3. If you want to store them for longer, keep them in a single layer. You can do this by placing a paper towel between each layer of whole berries in a container. The reason for this is that mold can spread quickly from berry to berry, so you should minimize contact and moisture.
  4. Cover the container with a tight-fitting lid and put it in the refrigerator. If the strawberries stay dry and the container is airtight, they should easily last up to a week.

Some people like to use a white vinegar bath or vinegar wash before storing their berries. If you want to try this, combine 2 cups of water with 1 cup of white vinegar, or however many parts water to vinegar you need for the amount of fruit you have.

Submerge the strawberries in there and then rinse them under cold water to remove the vinegar smell and taste. Some chefs like this method while others believe it can wilt the berries and reduce their flavor. Personally, I’ve never had any issues when using this method!

How to Tell if Strawberries Have Gone Bad

Spoiled strawberries are mushy with brown spots. They might also be leaking juice and have white fuzzy mold on them. They might have an alcoholic smell if they're beginning to spoil, and if they aren't in the refrigerator, might be attracting bugs such as fruit flies. Discard any strawberries with mold, since the mold spores might have spread into the fruit and isn't always visible.

Bad strawberries are soft and squishy since they have started to decompose. If only some are mushy, discard them before they pass on bacteria to the strawberries which are still firm. If the green leafy stalk on top is brown and dry, this is another indication the berries are past their prime, and the strawberries themselves lighten in color as they age.

If your berries are free from bugs and mold and smell good, they should be safe to eat, although they won't have such a fresh flavor. Strawberries start to lose their bright red hue in the early stages of going bad, but they are still safe to consume. Accidentally eating a little mold probably won't cause any gastric upset, but the smell of a rotten strawberry will probably put you off from eating it anyway.

Common Questions

Can you freeze fresh strawberries?

Frozen berries are great for making ice cream, strawberry Danishes, smoothies, and so on, since the flavor will be more or less intact but they will be mushy when thawed, making them unsuitable for some dishes. If you have your own strawberry plants or you've stocked up from the strawberry season, freezing them is a great way to extend their shelf life.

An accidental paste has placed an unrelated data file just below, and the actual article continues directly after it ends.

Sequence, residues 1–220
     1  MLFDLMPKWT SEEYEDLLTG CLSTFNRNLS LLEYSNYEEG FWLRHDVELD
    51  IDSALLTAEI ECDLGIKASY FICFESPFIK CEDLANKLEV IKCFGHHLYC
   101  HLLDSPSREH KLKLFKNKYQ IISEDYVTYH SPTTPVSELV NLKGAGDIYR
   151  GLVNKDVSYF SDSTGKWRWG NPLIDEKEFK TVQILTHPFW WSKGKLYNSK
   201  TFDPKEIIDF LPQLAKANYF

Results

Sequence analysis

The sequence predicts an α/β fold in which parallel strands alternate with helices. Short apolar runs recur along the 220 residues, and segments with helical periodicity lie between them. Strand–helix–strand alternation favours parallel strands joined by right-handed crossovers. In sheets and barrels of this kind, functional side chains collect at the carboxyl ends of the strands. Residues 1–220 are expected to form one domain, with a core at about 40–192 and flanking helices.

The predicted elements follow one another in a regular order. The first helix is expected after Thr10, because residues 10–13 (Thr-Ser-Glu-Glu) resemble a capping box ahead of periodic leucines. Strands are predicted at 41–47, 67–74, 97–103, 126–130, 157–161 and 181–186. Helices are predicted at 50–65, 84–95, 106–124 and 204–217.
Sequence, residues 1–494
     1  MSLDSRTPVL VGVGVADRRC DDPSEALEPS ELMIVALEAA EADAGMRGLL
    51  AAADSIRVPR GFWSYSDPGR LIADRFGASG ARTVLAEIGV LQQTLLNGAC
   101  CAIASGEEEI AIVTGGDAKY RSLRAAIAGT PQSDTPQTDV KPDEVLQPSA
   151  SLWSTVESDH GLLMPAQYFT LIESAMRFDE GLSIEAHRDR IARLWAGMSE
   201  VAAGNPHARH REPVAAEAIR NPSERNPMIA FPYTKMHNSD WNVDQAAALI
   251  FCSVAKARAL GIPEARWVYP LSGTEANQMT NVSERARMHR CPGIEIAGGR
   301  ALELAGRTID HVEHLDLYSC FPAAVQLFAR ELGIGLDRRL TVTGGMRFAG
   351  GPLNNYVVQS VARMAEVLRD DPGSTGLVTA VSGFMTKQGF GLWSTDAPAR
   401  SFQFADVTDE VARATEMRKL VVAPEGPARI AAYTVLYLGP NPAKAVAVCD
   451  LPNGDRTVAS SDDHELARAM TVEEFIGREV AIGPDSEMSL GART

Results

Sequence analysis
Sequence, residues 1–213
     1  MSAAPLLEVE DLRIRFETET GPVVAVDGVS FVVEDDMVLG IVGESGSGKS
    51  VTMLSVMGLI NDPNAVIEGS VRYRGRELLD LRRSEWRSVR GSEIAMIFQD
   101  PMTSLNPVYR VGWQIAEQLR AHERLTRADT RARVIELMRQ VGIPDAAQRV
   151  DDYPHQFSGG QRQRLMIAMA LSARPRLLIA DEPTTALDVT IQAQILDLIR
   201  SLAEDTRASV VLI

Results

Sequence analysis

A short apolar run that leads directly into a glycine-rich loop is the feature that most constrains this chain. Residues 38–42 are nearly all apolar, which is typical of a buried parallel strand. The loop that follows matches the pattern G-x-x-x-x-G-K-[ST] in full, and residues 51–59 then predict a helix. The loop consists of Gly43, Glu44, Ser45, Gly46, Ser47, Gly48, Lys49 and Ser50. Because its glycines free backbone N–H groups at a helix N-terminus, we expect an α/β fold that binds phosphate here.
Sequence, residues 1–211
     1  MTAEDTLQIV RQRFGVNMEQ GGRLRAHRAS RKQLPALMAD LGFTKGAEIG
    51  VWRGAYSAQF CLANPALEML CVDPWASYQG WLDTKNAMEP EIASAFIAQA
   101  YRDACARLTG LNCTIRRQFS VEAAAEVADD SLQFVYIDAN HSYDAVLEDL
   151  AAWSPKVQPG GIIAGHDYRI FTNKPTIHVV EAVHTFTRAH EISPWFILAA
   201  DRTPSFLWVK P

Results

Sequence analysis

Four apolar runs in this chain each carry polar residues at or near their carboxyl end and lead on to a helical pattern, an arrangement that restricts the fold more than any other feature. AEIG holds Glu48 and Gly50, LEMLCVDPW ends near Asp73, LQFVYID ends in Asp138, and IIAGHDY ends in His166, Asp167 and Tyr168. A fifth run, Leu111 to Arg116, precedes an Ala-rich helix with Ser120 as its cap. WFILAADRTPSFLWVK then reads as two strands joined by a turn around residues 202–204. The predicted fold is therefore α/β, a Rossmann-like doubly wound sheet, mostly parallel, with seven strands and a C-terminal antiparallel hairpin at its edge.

Wash the strawberries and let them air dry on a clean kitchen towel or piece of paper towel. Arrange them on a baking sheet lined with parchment paper and freeze. After several hours, transfer the frozen berries into freezer bags or similar plastic bags. Squeeze out excess air and make sure they are completely sealed to prevent freezer burn. Your berries should keep for up to 6 months using this method.

What type of storage containers or glass containers are best for storage?

As long as the container you choose has a tight-fitting lid, it should work. A glass mason jar is handy, although it won't hold a whole pint of perfectly ripe strawberries and you probably need 2 jars. Any other glass container would work or you can use a plastic container. Layers of paper towels on the bottom of the carton or jar and between each layer of berries soak up any excess moisture and help extend their shelf-life.

Is it okay to eat strawberries with black seeds instead of yellow ones?

If the seeds have turned black, this is a sign the strawberries are at the pinnacle of their ripeness, so enjoy them the same day for the best results.

Up close image of a pile of strawberries.

Fun Facts

  • Strawberries might be blue, purple, white, or golden, as well as pinkish-red or bright red.
  • Have you tried pineberries? This cultivar resembles strawberries although they're a light creamy pink in color and have a hint of pineapple in the flavor.
  • Strawberries have more Vitamin C per ounce than oranges.
  • Each strawberry has about 200 seeds on the outside.
  • California grows around 80% of the strawberries in the United States.
  • There is a strawberry museum in Belgium.
  • Strawberries are usually the first fruit to ripen in the spring.

Now you know the best way to store strawberries, you will be able to keep your ripe berries fresh for up to a week, or even longer if you freeze them. There are so many fantastic strawberry recipes to try, making it well worthwhile to buy plenty of these wonderful berries and try some of them out!